My 8-year old daughter's two week old chick is hobbling. Suggestons?

Discussion in 'Emergencies / Diseases / Injuries and Cures' started by avincent52, Jul 2, 2008.

  1. avincent52

    avincent52 New Egg

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    Jun 29, 2008
    My daughter brought home what's now a 2-3 week old chick named Clover from her school's egg hatching project.
    (Her name, Yolkie Berra, didn't win in the class election.)
    The chick seems generally happy and healthy, eating well, growing, attempting to fly,
    except that it's hobbling some.

    It kind of pushes its left leg out splayed to the side like a speed skater.
    The other leg stays underneath the way it should.
    But she keeps pushing on the left leg so it goes around in a little circle.

    When it's sitting or standing, the chick still keeps that left leg out to the side.

    No accident or injury or signs of any, and the chick has been alone in a cardboard box or closely supervised. It hasn't been exposed to other chickens except the other chicks while it was hatching, and hasn't been outside at all.

    I know nothing about chickens, but I looked at both legs.
    I can move both legs in a range of motion, and I can tuck the left leg back under it without any apparent pain or much protest from the chick.

    The "splayed" left leg actually seems quite a bit stronger than the right.

    Suggestions? This is my daughter's pet and within reason we're willing to do what we can to help it.

    thanks in advance,

    allen
     
    Last edited: Jul 2, 2008
  2. jessica117

    jessica117 Chillin' With My Peeps

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    Apr 23, 2008
    SE Tennessee
    Here is a link to a page that has pictures and step by step directions.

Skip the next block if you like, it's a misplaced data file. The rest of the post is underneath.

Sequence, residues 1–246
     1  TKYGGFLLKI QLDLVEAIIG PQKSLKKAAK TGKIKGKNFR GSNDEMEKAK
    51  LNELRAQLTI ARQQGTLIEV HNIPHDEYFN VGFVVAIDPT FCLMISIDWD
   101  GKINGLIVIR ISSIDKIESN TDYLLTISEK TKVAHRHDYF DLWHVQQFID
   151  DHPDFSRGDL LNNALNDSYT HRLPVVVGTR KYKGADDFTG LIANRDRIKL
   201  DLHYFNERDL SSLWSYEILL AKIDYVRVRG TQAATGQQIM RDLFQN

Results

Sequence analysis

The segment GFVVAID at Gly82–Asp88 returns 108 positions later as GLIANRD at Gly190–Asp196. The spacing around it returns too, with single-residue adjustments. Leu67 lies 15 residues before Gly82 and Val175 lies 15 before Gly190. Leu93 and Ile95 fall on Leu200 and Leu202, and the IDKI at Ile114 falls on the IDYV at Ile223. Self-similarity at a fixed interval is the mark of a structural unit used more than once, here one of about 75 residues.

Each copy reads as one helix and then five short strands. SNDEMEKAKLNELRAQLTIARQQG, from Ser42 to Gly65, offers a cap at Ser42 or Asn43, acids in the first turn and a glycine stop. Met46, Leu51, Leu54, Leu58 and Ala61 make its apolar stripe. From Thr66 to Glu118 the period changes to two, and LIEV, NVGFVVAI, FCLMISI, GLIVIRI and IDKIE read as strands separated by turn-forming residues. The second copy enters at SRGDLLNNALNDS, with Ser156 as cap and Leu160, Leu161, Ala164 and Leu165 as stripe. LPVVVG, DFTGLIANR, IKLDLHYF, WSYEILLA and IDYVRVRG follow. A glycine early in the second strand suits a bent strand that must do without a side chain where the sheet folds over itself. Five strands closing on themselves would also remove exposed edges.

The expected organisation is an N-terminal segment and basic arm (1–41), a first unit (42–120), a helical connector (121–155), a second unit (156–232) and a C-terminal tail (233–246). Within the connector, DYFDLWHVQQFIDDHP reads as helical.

http://www.poultryhelp.com/spraddle.html

    and here is another posted by a BYC member with even more detailed pics.

    https://www.backyardchickens.com/forum/viewtopic.php?id=20205

    I know only one leg is splayed but you'll do the same thing with it.

    Usually it only happens in younger chicks than yours. I hope that it isn't too late to fix it. I'm sure someone more experienced can answer that. I'd do it as soon as possible though.

    Jess
     
  3. avincent52

    avincent52 New Egg

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    Jun 29, 2008
    Dear Jess
    My daughter says
    "Thank you for the advice. We tried what you suggested. We put on a piece of adhesive tape, because Clover is a little bit bigger and older than the chick you showed in the picture.
    Clover was flapping around at first but then she got more used to it and she's definitely calmed down a lot. Her leg is now staying under her, but she's still a little bit wobbly.
    I am very relieved that Clover will be okay.
    Thanks again.
    Emma."

    As Emma said, it seemed to go very well and I expect that Clover will soon be walking proudly.

    best
    Allen
     
  4. jessica117

    jessica117 Chillin' With My Peeps

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    Apr 23, 2008
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    I'm very glad to hear that! [​IMG]
     
  5. avincent52

    avincent52 New Egg

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    Jun 29, 2008
    A 12-hour update.
    Clover seems to be keeping her feet under her happily while she's sitting or sleeping.
    She's standing much better, too.
    She's having a little trouble walking--she's essentially got her shoelaces tied together--but hopefully within a few days we'll be able to take the tape off and she'll be walking normally.

    Clover is closer to three-weeks old, but I'm pretty hopeful about the outcome.

    We live in a town just outside of New York City--you can see Manhattan from our bedroom window at night, but we've got four or five friends who are raising chickens, and I think all of them came from the second grade hatchery.

    Except for the raccoons, it's a pretty good place for it. And the eggs are phenomenally good.

    Thanks again for the advice and encouragement. At some level it's about the chicken, but mostly it's about Emma and it's just as well that she's not the mother of a special needs chick.
    best
    Allen
     
    Last edited: Jul 3, 2008
  6. jessica117

    jessica117 Chillin' With My Peeps

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    Apr 23, 2008
    SE Tennessee
    Chickens are pretty resilient. A lot can happen to them and they'll still turn out normal and healthy. I wish you the best of luck with your little fuzz butt. Welcome to the world of chicken raising!

    Jess
     

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